Russia’s Ministry for Economic Development estimates that GDP grew in March by 0.5 % y-o-y, while GDP was still down by over 2 % y-o-y in January-February. The economy ministry also estimated that the on-year change for all of the first quarter was -1.3 %.
Industrial output in the first quarter was 1.3 % smaller than four quarters earlier, but the situation is quite different in industrial main categories. Mineral extraction output has recovered gradually. In February-March, seasonally adjusted growth of mineral extraction was nearly 1 % m-o-m. However, in March the output was still down by 5−6 % y-o-y and in the first quarter the on-year drop was over 7 %. This basically reflects the ongoing OPEC+ agreement on oil production ceilings that should gradually come to an end by April 2022. The agreement has reduced Russia’s oil production by about 10 % y-o-y. In contrast, production of natural gas and coal bounced back from their last year´s falls in the first quarter (up by 8 % y-o-y and 10 %, respectively). A significant category consists of oil & gas-related services, which have remained several percent lower on-year since spring 2020.
Seasonally adjusted output of manufacturing industries continued to rise in February and March at about 1 % m-o-m. March manufacturing output was up by over 4 % y-o-y, and by nearly 1 % y-o-y for all of the first quarter. Not counting oil refining, manufacturing output has increased for five consecutive years. Production also grew slightly amidst last year’s recession, and in the first quarter production was up by 2 % y-o-y. Much of the rise came from a revival of growth in the machinery, equipment & vehicles categories, as well as ongoing growth in pharmaceutical and chemical production. Chemical industry remains an important branch of growth to Russia. The sector has grown by nearly 50 % since the first quarter of 2014. Pharmaceutical production continues to spearhead industrial growth, with output tripling over the past seven years.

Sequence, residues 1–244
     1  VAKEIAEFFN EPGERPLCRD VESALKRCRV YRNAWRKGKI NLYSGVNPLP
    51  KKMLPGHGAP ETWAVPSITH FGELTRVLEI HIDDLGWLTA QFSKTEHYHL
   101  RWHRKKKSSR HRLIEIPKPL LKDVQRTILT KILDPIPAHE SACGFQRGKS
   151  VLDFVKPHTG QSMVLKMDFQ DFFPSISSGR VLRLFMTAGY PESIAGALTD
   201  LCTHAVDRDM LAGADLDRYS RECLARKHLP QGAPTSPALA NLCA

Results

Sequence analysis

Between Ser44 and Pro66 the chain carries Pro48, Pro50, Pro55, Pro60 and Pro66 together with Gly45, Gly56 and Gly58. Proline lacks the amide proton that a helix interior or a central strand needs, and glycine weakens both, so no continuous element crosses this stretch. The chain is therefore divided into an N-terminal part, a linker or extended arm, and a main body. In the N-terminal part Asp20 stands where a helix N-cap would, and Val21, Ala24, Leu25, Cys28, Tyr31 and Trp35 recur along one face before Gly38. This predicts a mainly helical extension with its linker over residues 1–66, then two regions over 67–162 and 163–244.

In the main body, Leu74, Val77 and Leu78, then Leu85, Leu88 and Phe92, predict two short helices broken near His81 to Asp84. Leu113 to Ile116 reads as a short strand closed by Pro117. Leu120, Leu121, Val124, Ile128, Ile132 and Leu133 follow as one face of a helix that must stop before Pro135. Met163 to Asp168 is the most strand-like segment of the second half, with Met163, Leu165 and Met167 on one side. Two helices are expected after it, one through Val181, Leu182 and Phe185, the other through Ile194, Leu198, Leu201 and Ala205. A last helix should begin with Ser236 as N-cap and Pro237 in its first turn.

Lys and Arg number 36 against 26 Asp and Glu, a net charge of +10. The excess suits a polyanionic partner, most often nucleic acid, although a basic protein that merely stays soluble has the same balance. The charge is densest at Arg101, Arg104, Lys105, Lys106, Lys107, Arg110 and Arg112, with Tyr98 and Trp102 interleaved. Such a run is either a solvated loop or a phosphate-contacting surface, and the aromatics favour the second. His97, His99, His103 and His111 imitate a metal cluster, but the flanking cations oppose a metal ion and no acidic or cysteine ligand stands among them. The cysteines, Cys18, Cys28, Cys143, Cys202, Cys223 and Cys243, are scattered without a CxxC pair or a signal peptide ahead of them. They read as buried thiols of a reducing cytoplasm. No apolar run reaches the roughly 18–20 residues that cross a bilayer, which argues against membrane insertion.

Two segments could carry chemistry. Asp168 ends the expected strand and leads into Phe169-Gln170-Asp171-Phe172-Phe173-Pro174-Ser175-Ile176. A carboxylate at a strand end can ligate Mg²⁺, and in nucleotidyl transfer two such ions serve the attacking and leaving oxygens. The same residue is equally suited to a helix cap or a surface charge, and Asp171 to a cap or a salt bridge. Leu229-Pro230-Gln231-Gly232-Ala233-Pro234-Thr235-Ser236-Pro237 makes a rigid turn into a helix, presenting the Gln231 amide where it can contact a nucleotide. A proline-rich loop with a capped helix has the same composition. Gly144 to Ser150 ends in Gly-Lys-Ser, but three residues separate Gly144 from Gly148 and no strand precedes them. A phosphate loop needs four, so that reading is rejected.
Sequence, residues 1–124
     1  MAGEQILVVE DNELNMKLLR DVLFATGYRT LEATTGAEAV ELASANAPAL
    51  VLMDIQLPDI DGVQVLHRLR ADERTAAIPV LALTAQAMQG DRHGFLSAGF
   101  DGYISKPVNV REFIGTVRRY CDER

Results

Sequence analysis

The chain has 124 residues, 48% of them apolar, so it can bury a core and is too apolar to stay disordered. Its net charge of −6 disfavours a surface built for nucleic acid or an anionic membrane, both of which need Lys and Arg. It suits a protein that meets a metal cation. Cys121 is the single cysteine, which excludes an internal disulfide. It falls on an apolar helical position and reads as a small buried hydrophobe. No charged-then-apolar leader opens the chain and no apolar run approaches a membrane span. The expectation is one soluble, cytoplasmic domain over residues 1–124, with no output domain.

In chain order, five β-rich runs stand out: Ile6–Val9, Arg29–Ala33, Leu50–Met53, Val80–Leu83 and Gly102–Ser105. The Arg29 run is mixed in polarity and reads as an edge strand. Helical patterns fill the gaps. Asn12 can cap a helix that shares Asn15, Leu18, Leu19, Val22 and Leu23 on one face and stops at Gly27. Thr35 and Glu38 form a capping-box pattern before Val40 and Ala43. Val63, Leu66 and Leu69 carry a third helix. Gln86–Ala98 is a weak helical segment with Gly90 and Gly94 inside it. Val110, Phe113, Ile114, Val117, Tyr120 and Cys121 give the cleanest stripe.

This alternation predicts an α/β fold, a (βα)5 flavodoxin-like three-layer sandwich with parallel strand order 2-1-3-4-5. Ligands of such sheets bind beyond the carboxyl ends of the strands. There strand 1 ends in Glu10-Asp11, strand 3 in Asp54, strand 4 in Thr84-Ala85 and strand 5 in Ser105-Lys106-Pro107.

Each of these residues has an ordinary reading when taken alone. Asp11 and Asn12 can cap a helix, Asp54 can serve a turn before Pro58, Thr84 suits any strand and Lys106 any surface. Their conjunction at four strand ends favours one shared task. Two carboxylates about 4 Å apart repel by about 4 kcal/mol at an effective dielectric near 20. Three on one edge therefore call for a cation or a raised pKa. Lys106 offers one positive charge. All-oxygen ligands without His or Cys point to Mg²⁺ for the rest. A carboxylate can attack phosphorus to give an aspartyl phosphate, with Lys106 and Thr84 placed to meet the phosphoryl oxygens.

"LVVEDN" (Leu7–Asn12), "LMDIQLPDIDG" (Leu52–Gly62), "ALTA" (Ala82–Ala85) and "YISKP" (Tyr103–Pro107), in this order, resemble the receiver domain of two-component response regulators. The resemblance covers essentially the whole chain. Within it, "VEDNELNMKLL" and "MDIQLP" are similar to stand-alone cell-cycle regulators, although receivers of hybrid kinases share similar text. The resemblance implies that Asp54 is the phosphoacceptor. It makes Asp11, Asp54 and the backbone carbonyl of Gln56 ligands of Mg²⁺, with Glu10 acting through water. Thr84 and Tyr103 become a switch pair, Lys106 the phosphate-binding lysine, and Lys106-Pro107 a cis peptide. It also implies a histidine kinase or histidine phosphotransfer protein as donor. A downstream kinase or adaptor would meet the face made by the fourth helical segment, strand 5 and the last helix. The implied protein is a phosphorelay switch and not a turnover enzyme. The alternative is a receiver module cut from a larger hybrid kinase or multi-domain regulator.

The recovery in household consumption in the homeland has been sluggish. The volume of seasonally adjusted retail sales remained quite unchanged in February and March. Retail sales in the first quarter were down by 1.5 % y-o-y. This was due to a roughly 3.5 % y-o-y drop in March. The figure partly reflects the unusual retail spike of March 2020, when people hoarded goods they expected to need during the impending covid lockdown. The situation has improved in service branches (excluding public sector services), but they were still down by over 4 % y-o-y in the first quarter.
Goods transport increased significantly in March, raising the freight volumes for the first quarter to 0.5 % y-o-y. Large transport volumes are produced by rail freight and pipeline transmission of oil & gas, which both recovered close to their 2020 first quarter levels.
Core sectors of the economy have experienced quite different recovery paths from last year’s shocks
Sources: Rosstat and BOFIT.